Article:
Analyst in Labor Policy
The history of child labor in America is long and, in some cases, unsavory. It dates back to the founding of the United States. Historically, except for the privileged few, most children worked— either for their parents or for an outside employer. Through the years, however, child labor practices have changed. So have the benefits and risks associated with employment of children. In some respects, altered workplace technology has served to make work easier and less hazardous. At the same time, some processes and equipment have rendered the workplace more advanced and dangerous, especially for children and youth.
Child labor first became a federal legislative issue at least as far back as 1906 with the introduction of the Beveridge proposal for regulation of the types of work in which children might be engaged. Although the 1906 legislation was not adopted, it led to extended study of the conditions under which children were employed or allowed to work and to a series of legislative proposals—some approved, others defeated or overturned by the courts—culminating in the Fair Labor Standards Act (FLSA) of 1938. The latter statute, amended periodically, remains the primary federal law dealing with the employment of children.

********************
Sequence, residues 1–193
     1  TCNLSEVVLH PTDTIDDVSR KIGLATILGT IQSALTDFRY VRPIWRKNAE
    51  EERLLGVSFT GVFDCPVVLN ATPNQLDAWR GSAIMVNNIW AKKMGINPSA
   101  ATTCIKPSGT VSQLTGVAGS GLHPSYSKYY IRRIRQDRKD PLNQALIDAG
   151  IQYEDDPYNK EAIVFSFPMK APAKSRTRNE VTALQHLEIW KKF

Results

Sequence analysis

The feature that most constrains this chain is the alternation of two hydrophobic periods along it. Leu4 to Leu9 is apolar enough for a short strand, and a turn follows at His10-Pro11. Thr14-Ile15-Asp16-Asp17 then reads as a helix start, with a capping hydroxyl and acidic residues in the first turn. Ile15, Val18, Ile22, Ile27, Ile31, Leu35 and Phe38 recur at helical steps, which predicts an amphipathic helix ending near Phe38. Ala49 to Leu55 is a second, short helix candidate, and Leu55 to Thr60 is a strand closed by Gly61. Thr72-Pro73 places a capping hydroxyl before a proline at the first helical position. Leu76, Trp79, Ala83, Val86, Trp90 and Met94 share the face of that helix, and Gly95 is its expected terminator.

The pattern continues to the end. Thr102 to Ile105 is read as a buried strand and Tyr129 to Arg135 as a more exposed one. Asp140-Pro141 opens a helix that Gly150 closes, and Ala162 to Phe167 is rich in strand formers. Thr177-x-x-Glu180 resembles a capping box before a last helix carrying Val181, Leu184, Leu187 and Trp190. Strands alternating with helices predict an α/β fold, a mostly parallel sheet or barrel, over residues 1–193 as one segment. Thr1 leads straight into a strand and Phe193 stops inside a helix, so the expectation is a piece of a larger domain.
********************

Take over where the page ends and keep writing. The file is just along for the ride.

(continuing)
Generally speaking, work by young persons (under 18 years of age) in mines and factories is not allowed. The types of nonfarm work that may be suitable (or especially hazardous) for persons under 18 years of age has been left mainly to the discretion of the Secretary of Labor. Some types of work—for example, some newspaper sales and delivery, theatrical (and related) employment— are exempt from the FLSA child labor requirements. Finally, a distinction has been made between employment in nonagricultural occupations and in agricultural occupations and, in the latter case, between work for a parent and commercial employment.
This report examines the historical issue of child labor in America and summarizes legislation that has been introduced from the 108th Congress to the 113th Congress.
Date of Report: November 18, 2013
Number of Pages: 38
Order Number: RL31501
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